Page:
October PETG

A very userful abbreviation.

You may not realise this, but PET is one of the most ubiqutous plastics around.  Chances are you’ve got it within arm’s reach.  I’m talking about plastic bottles.  PETG is essentially the same polymer, but with a lower melting point, and it’s extruded in sheet form for commercial applications.

PETG has none of the glamour of acrylic.  It doesn’t come in bright colours, it doesn’t feel substantial, the engraving quality on it isn’t amazing.  So why bother? PETG is very impact resistant.  Unlike acrylic, it won’t snap or shatter if you drop it.  You can heat form it, you can cold bend it, you can rivet it and most relevantly, of course, you can laser cut it.  It is available in conveniently thinner-than-acrylic thicknesses of 0.5mm and upwards.  PETG is also recyclable, so it’s better than a Hummer.  Although that’s not saying much.

So what’s it good for?The combination of flexibility and durability makes thin PETG a suitable choice for packaging such as the box above from Chris Lee.  Joe used this material to design and make a surface protector for a turntable, keeping it free from dirt and scratches.  Clear acrylic would be a less suitable choice for this application because it’s brittle.  Thin PETG is a great material for stencils because its transparency helps with the registration.  It is also a perfect choice for flexi-rulers, such as the surfboard-shaping template above from YakasDesign.  It should be noted that engraving somewhat compromises the structural integrity of the material, and that needs to be taken into consideration during the design stage.Josh Reuss designed very useful bookmarks for people who still prefer to read on paper.  These tiny but mighty corner tags will keep books free from unsightly pig’s ears.  The files for these are free to download, so you can make your own with Personal Factory.  These are little, so lots will fit on a P1, and you can make a corner tag for everyone in you book club!  Another free PETG download is a vary-form garment ruler.  This is a standard version, but it can be easily customised to create a ruler for specific proportions that are not catered to by generic pattern drafting equipment.  The engraving can be filled in to make the markings more visible.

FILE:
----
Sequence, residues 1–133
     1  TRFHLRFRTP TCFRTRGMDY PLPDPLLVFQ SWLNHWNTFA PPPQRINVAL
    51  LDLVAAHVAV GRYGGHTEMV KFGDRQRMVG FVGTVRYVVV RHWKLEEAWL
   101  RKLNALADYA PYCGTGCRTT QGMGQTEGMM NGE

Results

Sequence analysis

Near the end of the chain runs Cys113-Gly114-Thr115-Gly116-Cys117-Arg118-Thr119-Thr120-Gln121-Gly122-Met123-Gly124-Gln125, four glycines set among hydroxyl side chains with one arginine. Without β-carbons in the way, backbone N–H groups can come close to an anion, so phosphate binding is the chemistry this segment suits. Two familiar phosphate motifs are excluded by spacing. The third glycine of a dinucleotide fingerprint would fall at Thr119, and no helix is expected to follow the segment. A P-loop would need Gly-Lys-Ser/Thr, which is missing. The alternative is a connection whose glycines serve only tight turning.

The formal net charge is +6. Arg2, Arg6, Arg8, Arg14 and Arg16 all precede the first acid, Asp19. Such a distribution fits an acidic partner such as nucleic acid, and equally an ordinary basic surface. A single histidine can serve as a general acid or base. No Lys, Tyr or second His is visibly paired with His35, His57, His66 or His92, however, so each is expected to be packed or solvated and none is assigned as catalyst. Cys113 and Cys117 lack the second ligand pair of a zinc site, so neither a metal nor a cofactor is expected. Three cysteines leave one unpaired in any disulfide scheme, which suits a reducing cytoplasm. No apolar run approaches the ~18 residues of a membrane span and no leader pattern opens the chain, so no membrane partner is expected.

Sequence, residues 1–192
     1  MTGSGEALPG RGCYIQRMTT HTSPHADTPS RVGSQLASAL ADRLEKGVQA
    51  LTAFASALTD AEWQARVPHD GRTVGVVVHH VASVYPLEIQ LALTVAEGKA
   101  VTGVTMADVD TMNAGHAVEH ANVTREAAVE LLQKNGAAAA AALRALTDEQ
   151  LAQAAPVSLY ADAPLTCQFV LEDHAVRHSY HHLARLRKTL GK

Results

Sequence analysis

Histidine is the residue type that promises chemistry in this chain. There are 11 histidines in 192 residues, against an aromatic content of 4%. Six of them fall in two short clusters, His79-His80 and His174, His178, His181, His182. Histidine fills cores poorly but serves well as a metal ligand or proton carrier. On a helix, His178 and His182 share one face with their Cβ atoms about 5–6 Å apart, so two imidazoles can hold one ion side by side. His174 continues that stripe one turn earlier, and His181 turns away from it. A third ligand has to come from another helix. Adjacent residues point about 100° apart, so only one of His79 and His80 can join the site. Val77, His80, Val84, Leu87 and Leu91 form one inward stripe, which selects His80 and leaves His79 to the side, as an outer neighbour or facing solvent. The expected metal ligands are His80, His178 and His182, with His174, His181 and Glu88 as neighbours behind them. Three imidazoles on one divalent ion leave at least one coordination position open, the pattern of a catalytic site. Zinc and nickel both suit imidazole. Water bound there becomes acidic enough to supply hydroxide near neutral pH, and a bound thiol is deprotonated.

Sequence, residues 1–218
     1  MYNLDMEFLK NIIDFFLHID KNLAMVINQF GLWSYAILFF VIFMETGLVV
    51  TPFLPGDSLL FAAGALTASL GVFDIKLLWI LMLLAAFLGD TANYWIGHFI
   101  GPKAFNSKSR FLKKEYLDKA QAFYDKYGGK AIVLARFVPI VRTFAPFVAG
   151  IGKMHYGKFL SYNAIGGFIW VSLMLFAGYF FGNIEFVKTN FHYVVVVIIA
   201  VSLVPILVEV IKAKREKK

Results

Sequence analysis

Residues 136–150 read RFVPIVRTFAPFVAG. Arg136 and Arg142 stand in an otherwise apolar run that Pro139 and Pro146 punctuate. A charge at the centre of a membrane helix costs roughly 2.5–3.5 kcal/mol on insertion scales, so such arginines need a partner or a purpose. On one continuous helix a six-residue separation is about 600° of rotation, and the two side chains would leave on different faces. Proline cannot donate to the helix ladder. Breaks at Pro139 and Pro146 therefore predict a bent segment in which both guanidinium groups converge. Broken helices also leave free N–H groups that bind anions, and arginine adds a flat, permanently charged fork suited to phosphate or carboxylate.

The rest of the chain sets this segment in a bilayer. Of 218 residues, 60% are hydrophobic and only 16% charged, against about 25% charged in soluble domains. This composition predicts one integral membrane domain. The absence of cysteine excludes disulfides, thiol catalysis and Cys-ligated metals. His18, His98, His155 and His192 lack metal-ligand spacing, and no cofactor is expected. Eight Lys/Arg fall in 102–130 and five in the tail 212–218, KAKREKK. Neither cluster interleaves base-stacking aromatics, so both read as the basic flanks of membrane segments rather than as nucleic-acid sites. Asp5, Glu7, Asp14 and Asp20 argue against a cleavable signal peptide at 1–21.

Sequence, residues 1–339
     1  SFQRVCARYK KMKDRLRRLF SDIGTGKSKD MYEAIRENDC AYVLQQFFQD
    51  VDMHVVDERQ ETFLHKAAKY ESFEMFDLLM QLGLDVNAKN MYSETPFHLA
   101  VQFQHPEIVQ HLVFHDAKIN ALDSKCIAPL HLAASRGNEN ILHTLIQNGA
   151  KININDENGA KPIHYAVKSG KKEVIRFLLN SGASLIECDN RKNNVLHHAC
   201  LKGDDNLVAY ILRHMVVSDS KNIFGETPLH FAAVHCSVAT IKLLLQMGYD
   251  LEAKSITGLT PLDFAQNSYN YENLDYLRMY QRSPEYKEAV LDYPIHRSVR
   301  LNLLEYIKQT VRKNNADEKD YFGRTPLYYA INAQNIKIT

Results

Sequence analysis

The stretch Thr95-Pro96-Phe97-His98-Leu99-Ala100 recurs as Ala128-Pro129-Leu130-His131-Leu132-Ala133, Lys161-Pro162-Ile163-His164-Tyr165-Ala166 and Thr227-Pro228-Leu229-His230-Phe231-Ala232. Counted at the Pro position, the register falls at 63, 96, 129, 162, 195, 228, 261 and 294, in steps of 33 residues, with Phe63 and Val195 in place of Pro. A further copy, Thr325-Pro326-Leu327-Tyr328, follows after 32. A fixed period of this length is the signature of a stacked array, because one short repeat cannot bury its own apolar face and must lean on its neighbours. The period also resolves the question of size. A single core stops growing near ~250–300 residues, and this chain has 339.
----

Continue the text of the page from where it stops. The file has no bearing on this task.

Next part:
PETG is available from Ponoko NZ, Ponoko US and Formulor.

Related posts:

3 Responses to “October PETG”

  1. Edgar Castelo Says:

    Great news, my friends!
    I’m sick and tired of Acrylic, and it’s unusable waste, although I’ll fight for anyone’s right to own any car…
    Even it I like an UMM over a Hummer.

  2. Madox Says:

    I wish the NZ hub will get 0.5mm PETG back…

  3. Yana Says:

    Unfortunately, NZ plastics suppliers no longer stock 0.5mm PETG due to lack of demand.